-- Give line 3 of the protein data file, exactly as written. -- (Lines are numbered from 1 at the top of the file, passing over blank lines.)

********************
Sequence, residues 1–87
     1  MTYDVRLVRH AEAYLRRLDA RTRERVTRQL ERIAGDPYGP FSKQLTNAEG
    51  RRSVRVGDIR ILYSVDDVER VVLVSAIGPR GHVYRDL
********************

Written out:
    51  RRSVRVGDIR ILYSVDDVER VVLVSAIGPR GHVYRDL